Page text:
Leo Tolstoy, War and Peace:
“Writing laws is easy, but governing is difficult.”
It is less than six weeks to the general election. While the media’s current focus is on the live TV debates and who will take part and when, quietly in the background the government has been getting its house in order. This has resulted in a plethora of legislation making it on to the statute books ready for purdah. There was also the budget this month, although not many new announcements were included for the construction industry.
While it may be feast or famine when it comes to adjudication cases to report on, there was a feast this month, with the courts:
- Granting a partial stay due to “manifest injustice“, on which Matt Molloy commented.
- Awarding indemnity costs following a finding of a strong prima facie case of fraudulent misrepresentation, which Fionnuala McCredie QC and Paul Bury considered.
- Holding that a referring party’s call to the adjudicator’s office gave rise to apparent bias, which Richard Sage and Jonathan Cope both discussed.
- Finding that residential occupiers had agreed to be bound by an adjudication clause.
- Deciding the validity of an adjudicator’s appointment, when the wrong adjudication rules were used.
- Applying Eurocom v Siemens, and rejecting an allegation regarding the adjudicator’s appointment.
Litigation is never cheap and starting a claim is becoming more expensive as increases to court fees take effect. Front loading of costs is often cited as an issue, especially in TCC litigation and, in one case, Coulson J halved the claimant’s costs budget. Elizabeth Repper considered the impact of both, and the role mediation plays in dispute resolution.
Other issues before the courts have included public and product liability cover on an all risks insurance policy and whether “subject to contract” was expunged when a draft order was submitted to court.
Our blogs continue to be very popular and, while sharing your thoughts has never been easier, topics this month have included:
- Helen Turner on mediation, DAB’s and ADR in the Middle East.
- John Hughes-D’Aeth on novation of design consultants in design and build procurement.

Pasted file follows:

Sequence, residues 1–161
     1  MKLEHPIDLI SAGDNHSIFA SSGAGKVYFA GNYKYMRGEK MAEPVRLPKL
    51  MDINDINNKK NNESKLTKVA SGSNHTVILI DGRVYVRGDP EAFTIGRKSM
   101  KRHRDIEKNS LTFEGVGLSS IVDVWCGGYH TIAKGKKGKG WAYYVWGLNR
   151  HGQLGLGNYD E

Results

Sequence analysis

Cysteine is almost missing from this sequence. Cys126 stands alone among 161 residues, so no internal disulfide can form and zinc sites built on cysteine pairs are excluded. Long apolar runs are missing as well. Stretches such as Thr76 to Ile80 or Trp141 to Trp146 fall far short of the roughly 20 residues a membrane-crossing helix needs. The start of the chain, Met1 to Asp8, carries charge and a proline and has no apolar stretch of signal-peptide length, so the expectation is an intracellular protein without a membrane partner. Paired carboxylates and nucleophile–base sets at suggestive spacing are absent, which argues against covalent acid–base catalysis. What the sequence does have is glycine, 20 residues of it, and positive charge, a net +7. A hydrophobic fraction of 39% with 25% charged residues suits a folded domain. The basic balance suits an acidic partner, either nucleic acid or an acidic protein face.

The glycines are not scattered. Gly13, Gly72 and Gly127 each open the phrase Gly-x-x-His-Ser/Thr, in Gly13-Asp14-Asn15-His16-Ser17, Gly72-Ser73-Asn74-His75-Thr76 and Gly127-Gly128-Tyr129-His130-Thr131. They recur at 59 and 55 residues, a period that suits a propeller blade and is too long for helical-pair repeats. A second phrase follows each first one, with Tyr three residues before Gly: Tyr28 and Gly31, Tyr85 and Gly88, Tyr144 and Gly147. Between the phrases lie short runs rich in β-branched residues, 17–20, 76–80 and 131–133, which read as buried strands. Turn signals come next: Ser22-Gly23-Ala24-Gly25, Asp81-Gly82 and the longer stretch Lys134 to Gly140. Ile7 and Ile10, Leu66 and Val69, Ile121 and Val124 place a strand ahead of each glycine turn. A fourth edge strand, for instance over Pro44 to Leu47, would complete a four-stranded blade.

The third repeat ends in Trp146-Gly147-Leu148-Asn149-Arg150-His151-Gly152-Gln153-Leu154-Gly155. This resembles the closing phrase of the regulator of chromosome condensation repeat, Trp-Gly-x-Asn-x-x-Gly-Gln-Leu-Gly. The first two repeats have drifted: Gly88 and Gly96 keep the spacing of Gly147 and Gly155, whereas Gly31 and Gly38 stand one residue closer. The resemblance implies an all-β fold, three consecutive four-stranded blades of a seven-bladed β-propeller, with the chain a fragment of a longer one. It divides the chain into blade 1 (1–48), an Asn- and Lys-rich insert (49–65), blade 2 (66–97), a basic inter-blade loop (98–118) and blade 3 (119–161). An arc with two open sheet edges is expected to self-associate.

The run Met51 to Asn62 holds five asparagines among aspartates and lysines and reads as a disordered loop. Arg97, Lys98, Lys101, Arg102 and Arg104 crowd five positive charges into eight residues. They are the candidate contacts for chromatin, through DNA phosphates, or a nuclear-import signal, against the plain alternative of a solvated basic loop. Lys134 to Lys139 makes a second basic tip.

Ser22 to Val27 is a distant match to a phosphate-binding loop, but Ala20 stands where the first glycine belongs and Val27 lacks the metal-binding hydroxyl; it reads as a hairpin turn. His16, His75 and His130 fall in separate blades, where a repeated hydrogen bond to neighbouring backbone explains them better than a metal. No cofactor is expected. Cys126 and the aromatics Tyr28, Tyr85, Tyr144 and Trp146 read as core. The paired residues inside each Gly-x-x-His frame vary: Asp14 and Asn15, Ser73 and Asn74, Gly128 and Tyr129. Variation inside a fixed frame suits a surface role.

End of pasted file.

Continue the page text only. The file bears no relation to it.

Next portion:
- Michelle Rousell on reviewing the Construction Act 1996’s payment rules in adjudication enforcement.
- Jonathan Cope on the correction of adjudicators’ decisions under the slip rule and the suitability of adjudication for disputes of all sizes.
- Michael Sergeant on variations and contractor risk.
- Matt Molloy on the relationship between final certificates and “at any time”.
- Nicola Thompson on principals of contract formation.
- Mark Raymont and Katy Hacking on decennial liability in the UAE.
Over the last five years, the government has been conducting a review of health and safety legislation and has published its final report. One of the main changes is to the CDM, with CDM 2015 coming into force on 6 April. Our CDM 2015 toolkit will help you find what you need. Breaches of health and safety laws may be prosecuted in the magistrates’ courts and the cap on court fines has been removed.
Acronyms are common in the construction industry and, in addition to CDM, we’ve also seen the ACE’s short form consultant’s appointment, changes to the CIS, amendments to the EPC regulations, and plans to advance to BIM level 3, which prompted us to publish notes on BIM level 2 and BIM level 3, and to update our FAQs.
Finally, in public procurement news, the court has lifted the automatic suspension of a contract award, considered the meaning of service of claim form in a procurement action, we’ve had a policy note on suppliers, four new PPNs on payments, skills, technology and tax, new guidance, an updated practice note and a new practice note on the Public Contract Regulations 2015, a new PQQ, February’s case digest and a policy and legislation review.